Patients often ask us – what is a myofunctional therapist? We hope this article brings you up to speed on what is a myofunctional therapist, what it does and what kind of patients may benefit from this therapeutic treatment.
Please keep in mind that this article about what is a myofunctional therapist is not intended to substitute professional medical or dental care. It is simply part of our series to keep our patients well informed to make the best decisions for themselves and their families. Let’s first understand what is a myofunctional therapist.
A Myofunctional therapist is like a physical therapist for the face and mouth. They teach people exercises for the mouth, tongue, lips, face. The goal of a myofunctional therapist is to restore proper function to the mouth. This involves correcting low tongue posture, tongue thrust swallowing pattern, mouth breathing, and open mouth posture. These professionals help people who struggle with proper tongue posture, breathing through the mouth, snoring, and sleep apnea. Although these issues are common they are not normal. If a patient currently has any of these symptoms or had these symptoms in the past, this means they need therapy!
Mouth breathing, snoring, and sleep apnea can affect your overall health and this form of treatment is often overlooked. Children who exhibit symptoms of oral dysfunction such as open mouth posture often develop dental misalignments that get worse with age.
This open mouth posture can lead to:
Adults with myofunctional disorders also suffer oral and physical health issues, and sometimes the dental side effects or worn or misaligned teeth impact their physical appearance and confidence.
For example, people who suffer from tongue-tie may exhibit low tongue posture or tongue thrust. These patients will need myofunctional therapy to help gain proper tongue posture. If with therapy, the tongue-tied patient can still not reach a proper resting position then a release will need to be performed by a trained surgeon. The myofunctional therapist will work with the patient before and after the tongue-tie release procedure. It is important that therapy be continued after surgery to prevent reattachment of the tongue.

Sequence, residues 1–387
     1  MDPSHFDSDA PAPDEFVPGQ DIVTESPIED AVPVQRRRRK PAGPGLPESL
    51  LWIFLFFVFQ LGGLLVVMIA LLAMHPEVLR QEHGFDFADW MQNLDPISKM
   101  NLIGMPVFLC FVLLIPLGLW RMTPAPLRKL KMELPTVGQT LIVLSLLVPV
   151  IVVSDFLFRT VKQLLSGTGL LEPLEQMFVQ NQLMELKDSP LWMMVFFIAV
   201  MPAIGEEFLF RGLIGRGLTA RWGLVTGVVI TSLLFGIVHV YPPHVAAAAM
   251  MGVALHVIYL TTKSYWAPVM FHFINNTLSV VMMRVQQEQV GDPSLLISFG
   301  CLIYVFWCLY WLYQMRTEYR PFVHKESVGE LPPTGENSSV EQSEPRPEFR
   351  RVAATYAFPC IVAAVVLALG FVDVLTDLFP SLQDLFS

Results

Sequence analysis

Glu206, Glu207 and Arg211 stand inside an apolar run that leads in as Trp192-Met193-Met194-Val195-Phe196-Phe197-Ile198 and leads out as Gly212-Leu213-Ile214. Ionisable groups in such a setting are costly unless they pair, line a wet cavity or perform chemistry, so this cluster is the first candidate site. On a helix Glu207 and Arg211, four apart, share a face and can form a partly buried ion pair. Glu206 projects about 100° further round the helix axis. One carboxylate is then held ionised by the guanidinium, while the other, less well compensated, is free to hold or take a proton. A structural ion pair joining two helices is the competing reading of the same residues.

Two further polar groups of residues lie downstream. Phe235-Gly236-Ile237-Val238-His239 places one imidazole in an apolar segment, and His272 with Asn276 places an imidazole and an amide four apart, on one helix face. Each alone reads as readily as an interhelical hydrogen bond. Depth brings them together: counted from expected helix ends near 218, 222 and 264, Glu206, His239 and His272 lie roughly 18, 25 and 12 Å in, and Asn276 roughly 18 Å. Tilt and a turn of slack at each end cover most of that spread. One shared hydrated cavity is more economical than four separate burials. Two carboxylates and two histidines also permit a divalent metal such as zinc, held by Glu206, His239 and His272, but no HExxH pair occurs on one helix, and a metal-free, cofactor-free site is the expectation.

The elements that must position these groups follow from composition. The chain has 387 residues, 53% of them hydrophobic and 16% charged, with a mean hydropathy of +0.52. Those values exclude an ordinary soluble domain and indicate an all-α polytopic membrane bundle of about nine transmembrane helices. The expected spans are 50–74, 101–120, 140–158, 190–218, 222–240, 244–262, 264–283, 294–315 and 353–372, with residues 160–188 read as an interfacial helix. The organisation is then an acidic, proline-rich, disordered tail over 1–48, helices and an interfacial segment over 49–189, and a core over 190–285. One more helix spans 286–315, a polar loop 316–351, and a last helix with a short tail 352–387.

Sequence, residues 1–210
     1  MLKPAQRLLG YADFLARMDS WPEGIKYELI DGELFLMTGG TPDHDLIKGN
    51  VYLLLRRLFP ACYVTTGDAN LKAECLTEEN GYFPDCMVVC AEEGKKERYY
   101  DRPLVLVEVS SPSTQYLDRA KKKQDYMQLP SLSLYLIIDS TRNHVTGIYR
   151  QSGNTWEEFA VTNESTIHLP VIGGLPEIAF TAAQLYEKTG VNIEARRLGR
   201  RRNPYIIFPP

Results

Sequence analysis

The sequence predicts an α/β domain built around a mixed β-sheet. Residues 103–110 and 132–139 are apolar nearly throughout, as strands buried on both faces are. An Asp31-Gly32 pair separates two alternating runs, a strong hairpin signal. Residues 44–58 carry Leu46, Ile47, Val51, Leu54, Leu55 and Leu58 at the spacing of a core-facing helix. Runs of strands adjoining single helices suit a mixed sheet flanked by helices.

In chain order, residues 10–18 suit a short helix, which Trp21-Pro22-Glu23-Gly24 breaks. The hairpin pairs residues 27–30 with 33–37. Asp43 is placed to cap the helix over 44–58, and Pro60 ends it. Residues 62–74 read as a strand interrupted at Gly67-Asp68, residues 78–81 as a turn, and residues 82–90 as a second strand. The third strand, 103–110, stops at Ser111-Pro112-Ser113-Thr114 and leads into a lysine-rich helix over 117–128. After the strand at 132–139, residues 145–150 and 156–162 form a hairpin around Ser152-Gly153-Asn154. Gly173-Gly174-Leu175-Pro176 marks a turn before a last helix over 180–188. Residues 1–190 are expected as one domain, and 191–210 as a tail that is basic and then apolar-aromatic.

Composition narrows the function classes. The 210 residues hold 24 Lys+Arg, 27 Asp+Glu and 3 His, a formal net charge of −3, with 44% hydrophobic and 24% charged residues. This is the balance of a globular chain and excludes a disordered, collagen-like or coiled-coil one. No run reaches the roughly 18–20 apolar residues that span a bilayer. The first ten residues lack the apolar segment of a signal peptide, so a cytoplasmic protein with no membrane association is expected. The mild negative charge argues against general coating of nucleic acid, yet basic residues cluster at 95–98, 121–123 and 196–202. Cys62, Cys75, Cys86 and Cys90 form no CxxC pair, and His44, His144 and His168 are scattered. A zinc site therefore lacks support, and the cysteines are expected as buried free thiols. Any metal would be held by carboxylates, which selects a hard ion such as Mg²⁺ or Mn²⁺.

In Infants, difficulty nursing or latching, pain for the mother, colic, gas pains, and reflux are all signs of a possible tongue tie. The sooner the tongue tie is treated the quicker these troubles will resolve. Myofunctional therapists are an excellent resource for mothers that are concerned about their new baby not being able to nurse. While in some instances the tongue tie is minor and not affecting function, if the tongue tie is leading to dysfunction then it will need to be released.
Many people who have had or need braces may have oral dysfunction that needs to be addressed for their orthodontic treatment to be successful. For example, a patient with spaces between their front teeth may have a tongue thrust habit. Anterior open bite, crossbite, deep bite, overjet, class III, can all be signs of low tongue posture. These postures and habits must be corrected before or during orthodontic treatment. Without myofunctional therapy, orthodontics will take longer, spaces and open bite will be difficult to close, and the result will not be stable and relapse will be likely.
Patients of any age may benefit from seeking treatment from a myofunctional therapist. Talk with your dentist or your child’s dentist if you observe any of these issues that may need treatment. By now you should be aware of what is a myofunctional therapist.
As mentioned, myofunctional therapy can be described as physical therapy for the lips and tongue. Some interventions used by the therapists include special exercises to help train and balance the airways and oral systems.